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On Monday, 5 March, the Centre for Economic and Social Development (CESD) participated in the National Steering Committee for Minimum Wage meeting at the Ministry of Labour, Immigration, and Populations (MoLIP). The meeting was the culmination of nearly two years of hard work to determine Myanmar’s next minimum wage. The hard work paid off; widespread consensus was reached on the next minimum wage fixing and future consultations were set to discuss researching the policy’s impacts.
Myanmar’s International Migration Day event on the 18th of December 2017 in Nay Pyi Taw was attended by representatives including Union Ministers, Deputy Ministers, Pyithu Hluttaw and Amyotha Hluttaw representatives, heads of departments, diplomats, personnel from United Nations, international non-government organizations and officials. The event was themed “Safe Migration in World on the Move” and showcased Myanmar’s active participation in global agreements on safe, systematic and legal migration in 2018. A multitude of stakeholders examined findings from research organizations and civil society to create strategies to ensure safe, secure and legal migration and extend services to migrants to facilitate better livelihoods through evidence-based policy reforms.
A discussion paper by Oxfam on public financial management in Myanmar looks at the challenges and opportunities for public financial management reform, and the role that development actors can play in promoting inclusive reform. The discussion paper also looks at the role of public financial management in deepening social accountability, and in promoting legitimate governance. CESD’s research in public financial management, undertaken jointly with The Asia Foundation, is referenced in Oxfam’s paper.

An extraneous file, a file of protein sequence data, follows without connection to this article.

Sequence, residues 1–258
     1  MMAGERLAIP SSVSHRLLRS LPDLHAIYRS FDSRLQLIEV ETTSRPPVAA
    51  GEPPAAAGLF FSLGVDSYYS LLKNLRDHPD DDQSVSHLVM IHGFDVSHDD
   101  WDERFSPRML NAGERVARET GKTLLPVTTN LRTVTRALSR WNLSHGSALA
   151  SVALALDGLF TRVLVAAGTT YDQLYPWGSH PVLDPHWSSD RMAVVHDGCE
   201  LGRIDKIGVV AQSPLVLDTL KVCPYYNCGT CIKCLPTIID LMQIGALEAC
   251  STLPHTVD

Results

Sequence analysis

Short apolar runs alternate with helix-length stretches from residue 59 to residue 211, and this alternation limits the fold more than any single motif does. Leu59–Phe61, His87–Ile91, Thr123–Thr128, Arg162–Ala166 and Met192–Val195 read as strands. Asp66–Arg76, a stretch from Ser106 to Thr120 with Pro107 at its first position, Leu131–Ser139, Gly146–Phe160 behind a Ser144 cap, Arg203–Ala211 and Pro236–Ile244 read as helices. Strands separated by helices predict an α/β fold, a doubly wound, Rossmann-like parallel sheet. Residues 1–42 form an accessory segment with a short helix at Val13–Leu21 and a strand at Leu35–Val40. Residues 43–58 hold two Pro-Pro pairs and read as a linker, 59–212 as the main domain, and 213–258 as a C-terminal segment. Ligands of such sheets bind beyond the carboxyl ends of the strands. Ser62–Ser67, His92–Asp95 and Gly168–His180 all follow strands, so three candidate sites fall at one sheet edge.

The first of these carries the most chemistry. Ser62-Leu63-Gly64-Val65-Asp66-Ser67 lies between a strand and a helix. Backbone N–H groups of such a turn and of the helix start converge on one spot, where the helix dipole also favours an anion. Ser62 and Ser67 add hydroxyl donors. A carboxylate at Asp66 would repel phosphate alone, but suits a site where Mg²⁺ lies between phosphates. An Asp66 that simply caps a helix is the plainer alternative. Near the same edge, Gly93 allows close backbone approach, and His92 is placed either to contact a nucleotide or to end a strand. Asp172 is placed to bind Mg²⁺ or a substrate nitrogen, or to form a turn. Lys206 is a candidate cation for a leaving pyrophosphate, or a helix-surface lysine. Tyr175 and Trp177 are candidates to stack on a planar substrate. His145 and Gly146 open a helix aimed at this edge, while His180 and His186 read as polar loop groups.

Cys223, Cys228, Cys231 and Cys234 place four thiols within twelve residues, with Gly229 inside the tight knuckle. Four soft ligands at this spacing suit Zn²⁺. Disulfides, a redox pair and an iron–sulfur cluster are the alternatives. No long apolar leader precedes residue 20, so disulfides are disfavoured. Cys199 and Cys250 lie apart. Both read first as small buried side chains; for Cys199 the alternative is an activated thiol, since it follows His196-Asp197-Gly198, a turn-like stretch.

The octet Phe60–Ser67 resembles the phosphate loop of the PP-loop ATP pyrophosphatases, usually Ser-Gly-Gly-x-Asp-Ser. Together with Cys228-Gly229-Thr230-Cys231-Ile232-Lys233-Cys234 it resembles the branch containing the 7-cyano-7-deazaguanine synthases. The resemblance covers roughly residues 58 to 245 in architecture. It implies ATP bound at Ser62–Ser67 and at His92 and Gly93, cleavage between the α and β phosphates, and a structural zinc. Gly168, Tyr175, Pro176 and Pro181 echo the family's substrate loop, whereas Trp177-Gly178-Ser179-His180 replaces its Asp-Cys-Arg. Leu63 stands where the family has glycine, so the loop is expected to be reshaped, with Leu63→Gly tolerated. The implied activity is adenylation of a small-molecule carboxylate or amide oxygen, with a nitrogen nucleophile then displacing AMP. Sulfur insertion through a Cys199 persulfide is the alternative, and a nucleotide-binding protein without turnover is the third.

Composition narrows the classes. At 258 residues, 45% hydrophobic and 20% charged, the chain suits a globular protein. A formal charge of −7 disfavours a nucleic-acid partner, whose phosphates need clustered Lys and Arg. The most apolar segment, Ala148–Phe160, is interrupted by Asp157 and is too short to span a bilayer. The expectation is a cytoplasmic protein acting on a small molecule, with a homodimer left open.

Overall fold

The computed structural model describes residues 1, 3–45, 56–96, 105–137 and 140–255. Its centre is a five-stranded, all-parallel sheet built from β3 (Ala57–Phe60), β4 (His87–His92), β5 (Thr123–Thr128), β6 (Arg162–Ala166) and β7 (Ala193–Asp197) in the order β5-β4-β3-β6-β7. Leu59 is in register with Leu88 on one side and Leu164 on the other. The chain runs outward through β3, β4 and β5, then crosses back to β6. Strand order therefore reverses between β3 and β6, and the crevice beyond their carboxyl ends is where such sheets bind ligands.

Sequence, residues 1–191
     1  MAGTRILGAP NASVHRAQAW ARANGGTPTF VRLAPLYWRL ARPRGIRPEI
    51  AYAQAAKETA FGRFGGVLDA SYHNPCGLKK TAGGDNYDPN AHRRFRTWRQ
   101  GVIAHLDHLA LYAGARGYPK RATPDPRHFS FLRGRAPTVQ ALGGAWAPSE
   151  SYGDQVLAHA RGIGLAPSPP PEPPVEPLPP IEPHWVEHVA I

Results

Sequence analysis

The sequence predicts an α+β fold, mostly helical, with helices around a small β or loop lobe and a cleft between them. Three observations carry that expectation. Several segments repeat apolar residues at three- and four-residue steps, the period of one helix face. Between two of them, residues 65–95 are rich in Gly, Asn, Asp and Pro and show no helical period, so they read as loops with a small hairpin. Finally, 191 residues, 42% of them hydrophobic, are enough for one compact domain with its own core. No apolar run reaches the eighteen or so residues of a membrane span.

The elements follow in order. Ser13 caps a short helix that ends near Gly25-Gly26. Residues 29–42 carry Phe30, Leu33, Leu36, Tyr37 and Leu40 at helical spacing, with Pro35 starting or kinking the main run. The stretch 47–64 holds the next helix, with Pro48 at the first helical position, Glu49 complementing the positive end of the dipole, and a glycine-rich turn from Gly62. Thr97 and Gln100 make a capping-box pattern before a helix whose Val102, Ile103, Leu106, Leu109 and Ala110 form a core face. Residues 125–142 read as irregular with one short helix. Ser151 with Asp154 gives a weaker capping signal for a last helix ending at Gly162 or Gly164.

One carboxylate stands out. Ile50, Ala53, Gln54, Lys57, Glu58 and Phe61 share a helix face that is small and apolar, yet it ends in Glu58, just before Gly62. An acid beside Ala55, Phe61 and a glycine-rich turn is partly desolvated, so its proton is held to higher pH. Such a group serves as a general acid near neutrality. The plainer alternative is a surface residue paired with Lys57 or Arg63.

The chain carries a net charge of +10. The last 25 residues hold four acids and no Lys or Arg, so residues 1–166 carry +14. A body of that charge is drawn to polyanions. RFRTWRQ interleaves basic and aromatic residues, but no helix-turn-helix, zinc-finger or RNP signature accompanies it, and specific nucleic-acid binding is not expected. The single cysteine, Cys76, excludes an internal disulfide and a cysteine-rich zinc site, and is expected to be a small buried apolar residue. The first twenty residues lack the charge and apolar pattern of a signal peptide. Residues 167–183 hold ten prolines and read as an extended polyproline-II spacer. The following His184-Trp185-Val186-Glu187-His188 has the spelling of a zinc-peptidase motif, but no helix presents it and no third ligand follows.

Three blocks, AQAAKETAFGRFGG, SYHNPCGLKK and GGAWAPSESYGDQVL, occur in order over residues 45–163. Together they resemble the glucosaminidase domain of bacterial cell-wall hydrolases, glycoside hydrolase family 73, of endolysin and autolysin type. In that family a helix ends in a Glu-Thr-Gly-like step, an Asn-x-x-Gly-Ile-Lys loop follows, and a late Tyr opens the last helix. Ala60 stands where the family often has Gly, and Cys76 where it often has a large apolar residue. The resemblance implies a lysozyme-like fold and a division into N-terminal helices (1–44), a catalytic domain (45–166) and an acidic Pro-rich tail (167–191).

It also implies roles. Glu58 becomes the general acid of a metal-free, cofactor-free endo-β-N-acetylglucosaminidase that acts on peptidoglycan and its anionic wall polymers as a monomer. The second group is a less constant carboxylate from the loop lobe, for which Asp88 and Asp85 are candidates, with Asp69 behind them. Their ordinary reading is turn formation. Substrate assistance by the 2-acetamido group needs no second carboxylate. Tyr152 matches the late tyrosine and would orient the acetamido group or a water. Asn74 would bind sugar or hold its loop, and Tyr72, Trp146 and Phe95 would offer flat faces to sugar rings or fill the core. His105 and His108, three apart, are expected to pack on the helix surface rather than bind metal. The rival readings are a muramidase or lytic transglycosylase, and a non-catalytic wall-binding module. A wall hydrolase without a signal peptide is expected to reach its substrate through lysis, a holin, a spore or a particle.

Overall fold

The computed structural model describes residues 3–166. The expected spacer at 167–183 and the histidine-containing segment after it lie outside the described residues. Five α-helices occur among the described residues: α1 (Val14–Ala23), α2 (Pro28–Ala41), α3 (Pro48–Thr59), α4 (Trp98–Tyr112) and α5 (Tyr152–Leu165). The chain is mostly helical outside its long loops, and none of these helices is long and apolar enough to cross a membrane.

The Asia Foundation, together with CESD, launched their report “Conceptualizing public sector reform in Myanmar” on 7 July 2015. The Asia Foundation Country Representative, Kim N. B. Ninh, said the report is important for bringing together different voices and approaches for the ongoing conversation about public sector reform in Myanmar.
The Government of Myanmar’s fiscal management objectives, outlined in the Framework for Economic and Social Reforms (2013), include plans for an increasing proportion of government spending on health and education, and a decline in spending on the military. The government has also recognized the need to reduce reliance on resource revenues and to prioritize tax policy and tax administration reform.
CESD Executive Director, U Zaw Oo, recently lead training sessions for senior civil servants on a range of good governance, public accountability and public administration topics. Fifty senior civil servants completed the six-week training period in Nay Pyi Taw, aimed at building the capacity of the bureaucracy to develop and implement public policy.
CESD’s Senior Research Fellow, Tin Maung Than, was one of six experts presenting at The Asia Foundation’s Asian Perspectives Series, “Asian regional architecture: steps towards ASEAN integration”, held on 4 February 2015.
Secure and just land tenure, and sound management of land and natural resources are crucial to easing conflicts between farmers, the State, and extractive industries. This paper underlines that Myanmar cannot hope to achieve inclusive social and economic development without a just and comprehensive framework that protects the land rights of small farmers, ethnic minorities, and the poor.
A discussion paper series examining the decentralisation process in Myanmar – including the political, administrative, and fiscal aspects of decentralization – provides timely research on subnational governance issues to inform ongoing policy and reform processes.